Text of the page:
|Game No.||Starter||Batters Faced||Pitches Thrown|
Over the last five games, Kapler has let his starters roll.
Kapler let Ben Lively pitch up to 100 pitches in the first game of the series against the Reds, and that proved to be a mistake as he gave up the tying run in the top of the sixth.
On the next night, Kapler let Nola pitch into the eighth inning (amazing, I know) in the first true Phillies gem of the season.
To finish out the series, Kapler went with his gut and with the desire of his player after letting Nick Pivetta throw the seventh inning. After the game, Kapler said that Pivetta knew he was likely being pulled but was convinced by the starter to stay in. That decision paid off, as Pivetta finished out the seventh and saved the bullpen some outs in a night they desperately needed them. The game went to 12th inning, and the Phillies eventually won.
In fact, four times this season, the Phillies’ starting pitcher finished 6 2⁄3 or more innings in their outing, which is tied for the second-most in baseball. Only the Cleveland Indians have more.
So, really, Kapler has done a better job as of late of both following his gut and his players’ wishes when it comes to starting pitching. As any good baseball analyst would tell you, there is still a balance between numbers and gut feel. After all, if everything was decided by numbers, then these games would not even be worth playing.
But that’s just in the starting pitching department.
Defensively, the Phillies have been brought into the modern age, as they have moved into the league’s top half for most shifts for the first time since at least 2012 (which is how far back FanGraphs’ split tool goes). They have had some unfortunate BABIP luck on those, but at a minimum, they are there.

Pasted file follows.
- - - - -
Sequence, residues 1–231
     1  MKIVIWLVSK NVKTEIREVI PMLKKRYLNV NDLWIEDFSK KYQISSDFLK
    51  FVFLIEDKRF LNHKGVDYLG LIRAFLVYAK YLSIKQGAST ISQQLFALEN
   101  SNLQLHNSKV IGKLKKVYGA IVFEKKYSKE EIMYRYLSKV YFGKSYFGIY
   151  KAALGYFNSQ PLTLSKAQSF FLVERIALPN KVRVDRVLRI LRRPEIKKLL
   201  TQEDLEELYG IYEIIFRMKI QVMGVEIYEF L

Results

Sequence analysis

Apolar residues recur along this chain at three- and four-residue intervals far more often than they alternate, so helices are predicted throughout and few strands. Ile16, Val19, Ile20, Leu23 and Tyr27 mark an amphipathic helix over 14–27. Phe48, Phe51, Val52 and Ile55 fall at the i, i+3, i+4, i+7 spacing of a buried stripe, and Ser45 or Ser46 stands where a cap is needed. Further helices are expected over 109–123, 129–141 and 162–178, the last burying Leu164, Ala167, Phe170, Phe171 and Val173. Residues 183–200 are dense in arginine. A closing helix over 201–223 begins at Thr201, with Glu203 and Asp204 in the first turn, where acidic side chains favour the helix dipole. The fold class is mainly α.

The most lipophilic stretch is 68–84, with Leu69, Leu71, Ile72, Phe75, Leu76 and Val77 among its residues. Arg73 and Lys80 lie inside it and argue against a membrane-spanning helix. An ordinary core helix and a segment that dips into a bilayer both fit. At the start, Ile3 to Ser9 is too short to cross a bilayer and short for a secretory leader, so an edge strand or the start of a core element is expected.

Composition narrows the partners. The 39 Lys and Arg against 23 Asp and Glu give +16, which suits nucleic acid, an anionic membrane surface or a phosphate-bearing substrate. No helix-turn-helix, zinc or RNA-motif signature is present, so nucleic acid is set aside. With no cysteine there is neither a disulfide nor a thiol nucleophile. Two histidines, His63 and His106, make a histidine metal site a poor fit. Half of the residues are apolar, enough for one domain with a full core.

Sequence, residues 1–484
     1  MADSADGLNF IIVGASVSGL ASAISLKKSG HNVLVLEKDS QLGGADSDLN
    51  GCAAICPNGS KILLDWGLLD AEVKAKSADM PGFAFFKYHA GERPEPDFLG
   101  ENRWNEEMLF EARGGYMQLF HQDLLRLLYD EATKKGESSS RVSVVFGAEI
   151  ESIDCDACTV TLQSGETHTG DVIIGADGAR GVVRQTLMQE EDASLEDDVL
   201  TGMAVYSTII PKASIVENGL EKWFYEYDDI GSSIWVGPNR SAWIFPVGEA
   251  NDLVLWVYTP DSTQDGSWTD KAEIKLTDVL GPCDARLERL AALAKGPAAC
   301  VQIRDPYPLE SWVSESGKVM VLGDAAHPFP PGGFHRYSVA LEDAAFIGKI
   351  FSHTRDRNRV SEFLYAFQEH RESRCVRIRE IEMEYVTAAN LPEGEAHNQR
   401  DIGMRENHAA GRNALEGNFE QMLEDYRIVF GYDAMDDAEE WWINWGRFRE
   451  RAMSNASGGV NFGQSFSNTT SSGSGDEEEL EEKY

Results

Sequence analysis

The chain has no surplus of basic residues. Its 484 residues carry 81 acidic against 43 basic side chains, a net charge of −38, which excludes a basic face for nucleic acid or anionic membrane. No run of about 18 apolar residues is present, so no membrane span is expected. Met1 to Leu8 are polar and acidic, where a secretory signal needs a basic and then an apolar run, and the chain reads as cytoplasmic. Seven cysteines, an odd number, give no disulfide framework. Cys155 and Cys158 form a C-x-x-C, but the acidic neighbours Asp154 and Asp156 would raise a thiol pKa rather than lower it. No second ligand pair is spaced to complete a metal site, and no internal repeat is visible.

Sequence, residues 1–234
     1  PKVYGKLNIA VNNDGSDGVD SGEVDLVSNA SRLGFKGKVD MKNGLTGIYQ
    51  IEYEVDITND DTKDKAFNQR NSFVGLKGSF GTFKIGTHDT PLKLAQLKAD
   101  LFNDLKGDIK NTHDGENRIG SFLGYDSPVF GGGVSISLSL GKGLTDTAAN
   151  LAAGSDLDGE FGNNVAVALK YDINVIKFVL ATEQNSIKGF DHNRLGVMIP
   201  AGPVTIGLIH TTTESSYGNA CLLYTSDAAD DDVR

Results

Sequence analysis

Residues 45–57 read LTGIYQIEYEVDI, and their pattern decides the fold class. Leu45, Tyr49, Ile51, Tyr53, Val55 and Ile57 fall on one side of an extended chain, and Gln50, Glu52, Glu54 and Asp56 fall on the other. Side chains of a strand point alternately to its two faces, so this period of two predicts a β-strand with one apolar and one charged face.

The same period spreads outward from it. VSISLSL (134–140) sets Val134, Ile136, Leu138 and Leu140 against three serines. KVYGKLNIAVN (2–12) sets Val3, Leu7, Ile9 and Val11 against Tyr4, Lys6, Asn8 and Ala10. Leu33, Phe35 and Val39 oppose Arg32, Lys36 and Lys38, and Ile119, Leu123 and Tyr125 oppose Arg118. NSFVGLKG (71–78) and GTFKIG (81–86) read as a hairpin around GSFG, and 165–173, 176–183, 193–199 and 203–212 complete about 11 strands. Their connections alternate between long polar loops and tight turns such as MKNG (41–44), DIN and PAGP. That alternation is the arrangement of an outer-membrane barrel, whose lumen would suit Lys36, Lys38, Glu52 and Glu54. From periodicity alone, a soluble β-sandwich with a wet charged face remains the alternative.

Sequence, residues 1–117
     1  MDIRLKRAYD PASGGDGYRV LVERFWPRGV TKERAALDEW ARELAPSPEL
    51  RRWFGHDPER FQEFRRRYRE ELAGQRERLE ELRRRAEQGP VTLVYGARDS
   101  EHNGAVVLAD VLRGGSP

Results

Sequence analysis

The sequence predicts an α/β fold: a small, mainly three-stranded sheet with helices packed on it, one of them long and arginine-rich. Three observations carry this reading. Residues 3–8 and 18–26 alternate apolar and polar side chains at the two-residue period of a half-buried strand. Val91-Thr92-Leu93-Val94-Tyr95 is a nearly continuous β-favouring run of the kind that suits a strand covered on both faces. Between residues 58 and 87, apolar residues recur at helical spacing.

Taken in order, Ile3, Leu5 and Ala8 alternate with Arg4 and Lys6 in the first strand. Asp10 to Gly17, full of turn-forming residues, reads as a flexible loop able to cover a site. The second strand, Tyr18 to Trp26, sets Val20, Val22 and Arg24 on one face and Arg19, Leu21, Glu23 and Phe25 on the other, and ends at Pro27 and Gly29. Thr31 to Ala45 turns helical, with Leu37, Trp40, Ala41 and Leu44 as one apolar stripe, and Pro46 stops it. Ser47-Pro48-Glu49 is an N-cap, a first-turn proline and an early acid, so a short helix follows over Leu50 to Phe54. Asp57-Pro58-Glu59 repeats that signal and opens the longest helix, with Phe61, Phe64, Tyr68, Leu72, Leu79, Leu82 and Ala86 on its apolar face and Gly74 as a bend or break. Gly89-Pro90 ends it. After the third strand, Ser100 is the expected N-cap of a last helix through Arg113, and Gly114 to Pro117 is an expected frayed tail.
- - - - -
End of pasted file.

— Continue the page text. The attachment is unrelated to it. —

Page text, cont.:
In terms of lineup construction, Kapler has been tasked with the tough job of keeping everyone happy. The Phillies have, in theory, nine players worth starting for the seven non-catching spots. As expected, some players have expressed their discontent for the lack of playing time, but from an outsider’s point of view, it seems as if Kapler has done a fine job balancing everyone’s interests based on the matchups that day, while leaving the cornerstones of his lineup — Rhys Hoskins and Carlos Santana — in nearly every day. I have no concerns there.
And, lastly, in terms of bullpen usage, Kapler still seems to be getting the feel for things. He has used a lot of relievers so far. The Phillies are tied for fourth in baseball for most relief “games,” or different players coming into pitch. He has played the matchup game seemingly a bit too often, and that has pegged the Phillies at 24th in baseball in terms of overall bullpen value. It will help once they get Tommy Hunter and Pat Neshek — their big offseason bullpen additions — back from the DL.
On the whole, as a sabermetrics fan, I’m hoping that Kapler’s “experiment” in Philadelphia works out. He obviously cannot rely solely on the computers, and the burden is on him to explain to the players the reasoning behind the moves. But, as he has proven so far this season, he’s willing to work to find that balance. And that is what will create a successful tenure for Kapler in Philadelphia.
Devan Fink is a Featured Writer for Beyond The Box Score. You can follow him on Twitter @DevanFink.